Joe Parkinson, Africa Bureau Chief, Wall Street Journal, Co-Author, 'Bring Back Our Girls'
Drew Hinshaw, Senior Reporter, Wall Street Journal, Co-Author, 'Bring Back Our Girls'
Discussant: Stephanie Busari, Supervising Editor, Africa, CNN
Chair: Dr Leena Koni Hoffmann, Associate Fellow, Africa Programme, Chatham House
In April 2014 more than 276 girls were abducted from their school in Chibok, northeast Nigeria by the Islamic extremist group Boko Haram. Despite the massacre two months earlier of over fifty school boys ascribed to Boko Haram, it was the Chibok abductions that propelled the then little-known group to global infamy, capturing the attention of the international community.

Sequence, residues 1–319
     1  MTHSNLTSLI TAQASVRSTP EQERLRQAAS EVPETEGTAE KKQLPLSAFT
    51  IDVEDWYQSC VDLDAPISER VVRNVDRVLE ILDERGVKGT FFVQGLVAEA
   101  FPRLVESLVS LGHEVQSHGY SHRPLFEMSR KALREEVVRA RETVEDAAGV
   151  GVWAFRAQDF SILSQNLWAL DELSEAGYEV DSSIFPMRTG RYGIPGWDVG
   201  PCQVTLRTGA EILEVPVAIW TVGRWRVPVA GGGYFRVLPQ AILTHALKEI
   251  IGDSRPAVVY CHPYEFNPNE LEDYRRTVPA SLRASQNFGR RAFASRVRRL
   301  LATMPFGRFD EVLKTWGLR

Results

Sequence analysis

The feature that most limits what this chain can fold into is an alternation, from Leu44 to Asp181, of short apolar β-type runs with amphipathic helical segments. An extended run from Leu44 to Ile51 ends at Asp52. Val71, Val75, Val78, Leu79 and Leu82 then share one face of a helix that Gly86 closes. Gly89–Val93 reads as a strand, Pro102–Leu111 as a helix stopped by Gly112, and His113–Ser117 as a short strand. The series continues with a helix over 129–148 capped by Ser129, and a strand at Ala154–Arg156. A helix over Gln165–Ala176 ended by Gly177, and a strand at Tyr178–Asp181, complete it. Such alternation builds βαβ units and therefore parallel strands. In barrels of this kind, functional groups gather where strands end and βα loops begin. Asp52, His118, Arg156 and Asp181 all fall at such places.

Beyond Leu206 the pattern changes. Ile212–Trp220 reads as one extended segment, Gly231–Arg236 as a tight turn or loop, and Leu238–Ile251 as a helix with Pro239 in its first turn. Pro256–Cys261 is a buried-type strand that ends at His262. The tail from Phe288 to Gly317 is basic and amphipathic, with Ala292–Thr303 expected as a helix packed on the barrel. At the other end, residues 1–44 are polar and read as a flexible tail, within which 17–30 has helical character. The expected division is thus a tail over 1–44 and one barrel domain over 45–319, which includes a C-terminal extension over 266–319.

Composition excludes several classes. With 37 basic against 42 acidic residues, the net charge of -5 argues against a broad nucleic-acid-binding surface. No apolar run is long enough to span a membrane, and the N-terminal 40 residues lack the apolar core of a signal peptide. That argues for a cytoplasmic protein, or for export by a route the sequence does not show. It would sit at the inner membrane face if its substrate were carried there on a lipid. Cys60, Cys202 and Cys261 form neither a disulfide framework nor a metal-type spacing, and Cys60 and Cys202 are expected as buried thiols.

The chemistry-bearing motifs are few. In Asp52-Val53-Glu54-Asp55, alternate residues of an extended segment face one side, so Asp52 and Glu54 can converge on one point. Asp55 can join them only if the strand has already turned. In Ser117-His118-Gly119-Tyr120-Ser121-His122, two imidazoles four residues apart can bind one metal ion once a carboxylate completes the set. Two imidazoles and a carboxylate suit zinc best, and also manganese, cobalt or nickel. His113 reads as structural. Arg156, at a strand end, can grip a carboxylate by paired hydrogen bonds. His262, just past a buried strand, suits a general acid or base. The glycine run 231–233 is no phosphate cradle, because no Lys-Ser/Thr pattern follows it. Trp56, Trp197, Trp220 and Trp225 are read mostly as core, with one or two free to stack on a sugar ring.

The hashtag #BringBackOurGirls saw high profile policymakers, celebrities and religious leaders shine a light on the abductions, calling for a sustained international effort to locate and free the ‘Chibok Girls’. The recently published book Bring Back Our Girls explores the promise and peril of ‘hashtag advocacy’ in an era where political priorities can be transformed by digital activism.
Seven years on from the abductions, many of the security challenges the Federal Government of Nigeria faced in the immediate aftermath of the kidnappings have worsened and abductions of school children by criminal gangs are taking place in other parts of the country. Whilst the attention of the international community may have shifted away from Nigeria, the human cost of insecurity continues to negatively impact the citizens of Africa’s most populous country.
ORGANIZER: Chatham House